“Okay, Helen, let’s start running the system checks.” In the corner of her vision, a list of tasks popped up, bright enough to be seen, but not so bright that it obscured Helen’s view.
“Starting with hull integrity.” Helen confirmed from memory, rather than consulting the checklist, and was brought up short.
“No, wait.” Ted’s voice rang sharply in her head. “Stick to the new protocol, Helen, personal systems first. If your waldo goes out, this all goes sideways.” The mission checklist filled the right side of her vision, blurring out that side of the room.
“And if the Golfball goes out?” she asked, even though she already knew the answer he’d give. The checklist slid out of view and was replaced by another, much more intimate list.
“We’ll have you in there to fix it.”
“Good thing this waldo works in a vacuum then.” Glib replies were part of the job. Confident chatter was a great defense, not just against the butterflies in your stomach, but against the analysts who would go over your comm chatter line by line if anything went wrong. Helen and Ted both had been through that wringer before; the Ferguson’s Asteroid Incident had made both their careers, but it had also made them much more careful.
Helen turned her attention back to the waldo’s systems. This robot-body wasn’t humanoid so much as arachnoid. Eight legs folded up around a glittering central core of processing power and memory shards. Helen carefully unfolded each pair of legs, noting the fine grey dust that arose from them, and sketched her motions in the air. A quick refocus of the lenses showed her the thousands of tiny corpses, left-behind fragments of the nano-robotic eenies that had assembled the ship and its instrumentation out of interplanetary dust. She grabbed a few still images from the waldo’s memory and sent them through the quantum feed to Ted’s screens.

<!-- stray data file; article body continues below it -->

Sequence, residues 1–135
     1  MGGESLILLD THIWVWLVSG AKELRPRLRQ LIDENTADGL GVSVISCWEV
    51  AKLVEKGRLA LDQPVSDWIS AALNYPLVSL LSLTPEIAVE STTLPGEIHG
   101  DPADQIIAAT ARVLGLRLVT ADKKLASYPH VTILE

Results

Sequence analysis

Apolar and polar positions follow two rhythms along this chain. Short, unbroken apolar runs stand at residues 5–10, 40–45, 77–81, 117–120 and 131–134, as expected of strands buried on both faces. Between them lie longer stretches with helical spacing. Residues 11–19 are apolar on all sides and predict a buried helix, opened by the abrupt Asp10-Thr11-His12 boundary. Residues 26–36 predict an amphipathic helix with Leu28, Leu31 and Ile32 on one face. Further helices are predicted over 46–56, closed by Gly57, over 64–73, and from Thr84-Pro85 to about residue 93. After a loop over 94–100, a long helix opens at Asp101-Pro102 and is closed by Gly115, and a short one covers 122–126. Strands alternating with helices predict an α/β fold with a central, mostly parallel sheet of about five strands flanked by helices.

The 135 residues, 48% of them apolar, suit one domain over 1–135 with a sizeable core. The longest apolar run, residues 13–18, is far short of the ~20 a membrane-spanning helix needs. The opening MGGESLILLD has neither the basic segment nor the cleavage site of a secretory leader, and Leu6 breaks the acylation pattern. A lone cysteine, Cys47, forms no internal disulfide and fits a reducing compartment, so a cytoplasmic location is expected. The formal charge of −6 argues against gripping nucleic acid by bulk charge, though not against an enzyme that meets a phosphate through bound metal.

“Ted, do you see all this dust?”
“Stay focused, Helen. We need you checked out as quickly as possible.”
“Yeah, but check out the pics. Everything should have been used up in construction, I shouldn’t be seeing these eenie shells all over the place.” Everything, from the ship, to the waldo on down to the idiot lights had been built up from a thumb-sized packet of eenies shot through a wormhole the size of a quarter. It was a hugely efficient way to establish a presence around a far-flung system, but it took a long time to build out.